Friday, April 3, 2015

The Book Lover's Den #18: What influences the choice of books to read?




Welcome to my Friday feature!


In each weekly post, I explore 
my thoughts on several 
book-related topics.






https://www.goodreads.com/book/show/2776832-reading-to-heal?ac=1



For the longest time now, I've been wondering just what, if anything, influences people's choices of books to read and blog about. There are book bloggers who blog only about a specific genre or type of book. For instance, I've seen a lot of blogs totally dedicated to Young Adult books. Others only cover Christian books, while still others stick with classics, or science fiction and fantasy (these two usually go together), or mostly nonfiction. Then there are others, like me, who tend to be more eclectic, but I've noticed that eclectic bloggers are not as common as those who prefer one particular genre or type of book.

In my case, I've noticed that it's one of two factors that influence what I will most likely read next: either my emotional state, or my preoccupation with certain intellectual or spiritual matters. 

The first became very apparent when I fell head over heels in love for the very first time. Not that I hadn't been in love before that, but that particular time, it was particularly strong. How did this affect my choice of books to read? Well, I completely lost interest in the types of books I had read until then -- science fiction, fantasy, classics, and nonfiction. (Hmmm, I guess I've always been a little eclectic.) Instead, I started reading romance novels. Once my appetite was whetted, I began obsessively buying and reading them! I was living in a rosy, romantic haze..... The funny thing is, I had previously looked down my nose at these books. I hate to admit that I even thought that women who read this genre were silly and shallow. How ironic, then, to find myself abandoning my loftier subject matters for this fluffy stuff! The irony hit me even then, but I still couldn't stop myself from reading the genre. I read mostly historical romances back then. I still read a lot of romance novels nowadays, but my preferred sub-genre now is paranormal romance. 

I'm now making a concerted effort to read weightier material. I don't want to stop reading romance novels, though. I came to realize that these books fulfill a need for women, a need that no other type of literature can possibly satisfy, and that it's something uniquely ours. I consider myself an intellectual person, and I still have this need, in common with all other women. it's the need to read beautiful, romantic language, to feel the sexual tension in a new relationship, to immerse myself in the plot twists that seem to separate the lovers, but that will bring them together for that all-important 'happily ever after'. These are feminine emotional needs. However, I do want all of these plot elements to be balanced by others. The female protagonist must be a strong character on her own, not 'a female in distress'. She must be willing to assert herself with the male protagonist. Furthermore, it's great when SHE rescues HIM at times!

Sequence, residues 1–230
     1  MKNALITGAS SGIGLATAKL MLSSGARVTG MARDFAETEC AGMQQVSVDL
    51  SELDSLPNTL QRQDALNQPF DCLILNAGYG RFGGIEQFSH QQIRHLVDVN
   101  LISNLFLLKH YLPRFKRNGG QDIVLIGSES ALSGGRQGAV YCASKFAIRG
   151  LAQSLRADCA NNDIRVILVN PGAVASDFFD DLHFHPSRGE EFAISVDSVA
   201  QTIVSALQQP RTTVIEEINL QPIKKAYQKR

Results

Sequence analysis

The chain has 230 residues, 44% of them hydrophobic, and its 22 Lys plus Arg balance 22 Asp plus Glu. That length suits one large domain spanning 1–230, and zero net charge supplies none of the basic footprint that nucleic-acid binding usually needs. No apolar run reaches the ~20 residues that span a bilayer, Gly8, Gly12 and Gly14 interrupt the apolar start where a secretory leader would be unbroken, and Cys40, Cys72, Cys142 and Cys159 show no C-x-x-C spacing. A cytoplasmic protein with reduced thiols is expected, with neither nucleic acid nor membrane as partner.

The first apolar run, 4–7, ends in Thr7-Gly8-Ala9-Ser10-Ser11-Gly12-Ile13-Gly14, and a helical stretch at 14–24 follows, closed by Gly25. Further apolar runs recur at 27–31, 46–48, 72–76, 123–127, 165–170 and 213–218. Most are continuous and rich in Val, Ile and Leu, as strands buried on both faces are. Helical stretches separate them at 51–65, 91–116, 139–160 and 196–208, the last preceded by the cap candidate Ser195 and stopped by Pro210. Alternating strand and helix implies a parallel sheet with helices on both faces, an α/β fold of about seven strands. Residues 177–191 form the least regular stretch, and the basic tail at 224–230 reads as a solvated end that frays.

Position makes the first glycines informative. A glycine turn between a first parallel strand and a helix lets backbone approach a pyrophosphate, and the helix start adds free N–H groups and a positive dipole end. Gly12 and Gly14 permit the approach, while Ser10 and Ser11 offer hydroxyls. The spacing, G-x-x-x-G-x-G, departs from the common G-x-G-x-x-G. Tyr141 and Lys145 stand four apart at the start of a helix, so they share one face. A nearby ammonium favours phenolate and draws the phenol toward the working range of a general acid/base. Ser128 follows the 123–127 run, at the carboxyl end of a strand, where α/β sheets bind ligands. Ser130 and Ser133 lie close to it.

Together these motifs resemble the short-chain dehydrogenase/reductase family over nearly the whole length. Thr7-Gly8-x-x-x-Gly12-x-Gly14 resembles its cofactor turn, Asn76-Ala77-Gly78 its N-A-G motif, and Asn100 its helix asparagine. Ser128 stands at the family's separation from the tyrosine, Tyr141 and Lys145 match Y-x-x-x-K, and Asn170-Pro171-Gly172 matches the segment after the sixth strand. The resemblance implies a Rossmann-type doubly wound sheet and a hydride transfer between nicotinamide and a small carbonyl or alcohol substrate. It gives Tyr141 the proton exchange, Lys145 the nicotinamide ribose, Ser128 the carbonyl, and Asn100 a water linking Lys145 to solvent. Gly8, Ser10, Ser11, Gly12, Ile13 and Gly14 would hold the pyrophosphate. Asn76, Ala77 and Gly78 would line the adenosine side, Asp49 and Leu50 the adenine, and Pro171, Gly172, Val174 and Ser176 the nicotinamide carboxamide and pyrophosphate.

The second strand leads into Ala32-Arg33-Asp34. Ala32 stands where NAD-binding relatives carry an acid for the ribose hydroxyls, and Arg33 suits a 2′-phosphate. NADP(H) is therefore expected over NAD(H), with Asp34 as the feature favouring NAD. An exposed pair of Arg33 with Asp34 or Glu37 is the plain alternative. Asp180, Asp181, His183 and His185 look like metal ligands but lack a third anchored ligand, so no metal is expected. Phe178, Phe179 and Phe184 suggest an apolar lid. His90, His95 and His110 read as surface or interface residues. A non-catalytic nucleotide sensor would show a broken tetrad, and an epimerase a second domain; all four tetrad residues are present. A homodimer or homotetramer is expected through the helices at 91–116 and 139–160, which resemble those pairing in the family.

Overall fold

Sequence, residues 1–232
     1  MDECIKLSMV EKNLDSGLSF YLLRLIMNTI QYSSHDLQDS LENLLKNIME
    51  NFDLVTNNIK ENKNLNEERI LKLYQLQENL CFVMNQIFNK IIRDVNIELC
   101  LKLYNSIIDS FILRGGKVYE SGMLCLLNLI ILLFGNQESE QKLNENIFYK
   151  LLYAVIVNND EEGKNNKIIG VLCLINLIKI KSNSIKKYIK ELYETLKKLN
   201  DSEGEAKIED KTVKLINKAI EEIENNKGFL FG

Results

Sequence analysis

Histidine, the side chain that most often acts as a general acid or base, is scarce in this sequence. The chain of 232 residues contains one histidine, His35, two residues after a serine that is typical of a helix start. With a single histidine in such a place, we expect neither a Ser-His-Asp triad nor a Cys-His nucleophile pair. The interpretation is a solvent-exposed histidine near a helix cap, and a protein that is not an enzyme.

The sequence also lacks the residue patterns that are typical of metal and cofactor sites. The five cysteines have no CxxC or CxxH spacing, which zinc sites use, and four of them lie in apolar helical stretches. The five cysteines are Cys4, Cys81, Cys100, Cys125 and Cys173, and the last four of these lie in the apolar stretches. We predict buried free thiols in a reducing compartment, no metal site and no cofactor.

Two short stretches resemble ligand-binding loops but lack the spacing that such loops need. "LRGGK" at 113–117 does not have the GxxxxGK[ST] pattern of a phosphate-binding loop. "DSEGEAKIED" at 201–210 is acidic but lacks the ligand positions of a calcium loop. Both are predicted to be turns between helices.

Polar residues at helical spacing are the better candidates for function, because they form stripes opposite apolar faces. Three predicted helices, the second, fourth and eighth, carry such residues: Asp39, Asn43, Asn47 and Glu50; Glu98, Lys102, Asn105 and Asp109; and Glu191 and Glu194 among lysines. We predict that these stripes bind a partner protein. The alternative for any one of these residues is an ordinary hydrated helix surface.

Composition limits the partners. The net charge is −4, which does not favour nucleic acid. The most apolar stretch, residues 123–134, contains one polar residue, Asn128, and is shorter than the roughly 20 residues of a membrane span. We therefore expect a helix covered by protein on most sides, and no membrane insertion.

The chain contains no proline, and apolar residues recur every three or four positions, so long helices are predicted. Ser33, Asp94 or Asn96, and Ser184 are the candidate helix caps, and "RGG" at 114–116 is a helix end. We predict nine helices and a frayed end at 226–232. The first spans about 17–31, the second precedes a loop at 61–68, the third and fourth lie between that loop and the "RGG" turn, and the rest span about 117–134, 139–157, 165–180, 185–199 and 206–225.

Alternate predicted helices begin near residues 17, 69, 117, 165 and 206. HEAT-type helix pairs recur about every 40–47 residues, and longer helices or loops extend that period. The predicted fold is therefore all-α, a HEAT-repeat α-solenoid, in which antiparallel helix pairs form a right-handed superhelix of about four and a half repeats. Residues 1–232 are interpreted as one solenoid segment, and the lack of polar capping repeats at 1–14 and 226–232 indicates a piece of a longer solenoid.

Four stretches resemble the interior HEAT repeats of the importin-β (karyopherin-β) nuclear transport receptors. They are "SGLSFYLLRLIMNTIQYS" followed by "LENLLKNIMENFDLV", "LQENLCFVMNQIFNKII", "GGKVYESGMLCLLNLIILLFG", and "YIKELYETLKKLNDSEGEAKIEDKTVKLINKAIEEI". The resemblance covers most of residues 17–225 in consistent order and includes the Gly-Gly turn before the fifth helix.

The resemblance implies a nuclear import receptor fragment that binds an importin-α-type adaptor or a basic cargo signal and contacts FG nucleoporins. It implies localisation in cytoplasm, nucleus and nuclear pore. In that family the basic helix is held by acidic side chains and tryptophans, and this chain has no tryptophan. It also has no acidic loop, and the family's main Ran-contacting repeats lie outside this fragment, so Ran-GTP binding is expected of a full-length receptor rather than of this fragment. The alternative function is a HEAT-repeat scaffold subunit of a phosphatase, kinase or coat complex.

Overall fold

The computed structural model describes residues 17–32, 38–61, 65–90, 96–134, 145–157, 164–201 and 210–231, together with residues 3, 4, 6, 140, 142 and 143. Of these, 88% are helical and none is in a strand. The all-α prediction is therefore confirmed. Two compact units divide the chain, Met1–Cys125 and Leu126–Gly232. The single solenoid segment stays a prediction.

On other occasions, I feel the need to read other things like science fiction and fantasy, or nonfiction. These are the times that I've come across something interesting on the Internet, which stimulates my mind, and therefore, I need to delve into it further. For instance, I'm currently preoccupied with certain intellectual/spiritual concerns, such as what to accept or reject from New Age philosophy, researching contradictions I have found in the Bible, and exploring the influence of culture, temperament, genetics, and upbringing on a person's individual moral code.

I'm currently reading The Psychology of Twilight, which some people might scoff at, as this is seemingly not serious reading material. This is not true at all, however. I've found that this book deals with such fascinating things as attachment theory manifesting in the way the main characters in the Twilight books relate to each other. There's also a fascinating discussion of prejudice in this book, and another section, titled "Gestalt and Twilight" goes into depth on this school of psychology, which "...tries to understand the laws of our ability to acquire and maintain meaningful perceptions in an apparently chaotic world." (Gestalt Psychology:Wikipedia)

Interestingly, while reading this book, I've been delving briefly into other books dealing with the concerns I've mentioned above. I'm feeling torn between continuing to read The Psychology of Twilight, and these other books. There's just SO little time to read..... 

One of the books I've delved into is titled Myths of the Bible, by Gary Greenberg. Another is titled Awakening Your Inner Light, by Aeoliah. And then there's A Kabbalah for the Modern World, by Migene Gonzalez-Wippler, which is the book that started me wondering about Biblical myths and contradictions. In this book, Gonzalez-Wippler claims that the Septuagint (a Greek translation of the Old Testament) contains the stories of Adam, Eve, and the serpent, whereas the original Hebrew version does not. So now I'm researching this topic. In relation to this, I have yet another book somewhere in this condo, titled Biblical Nonsense, by Dr. Jason Long. And then I also want to read The Battlefield of the Mind, by Joyce Meyer, as well as Shattering Your Strongholds, by Liberty Savard. These last two are Christian authors, and they have both inserted a bit of psychology into these books.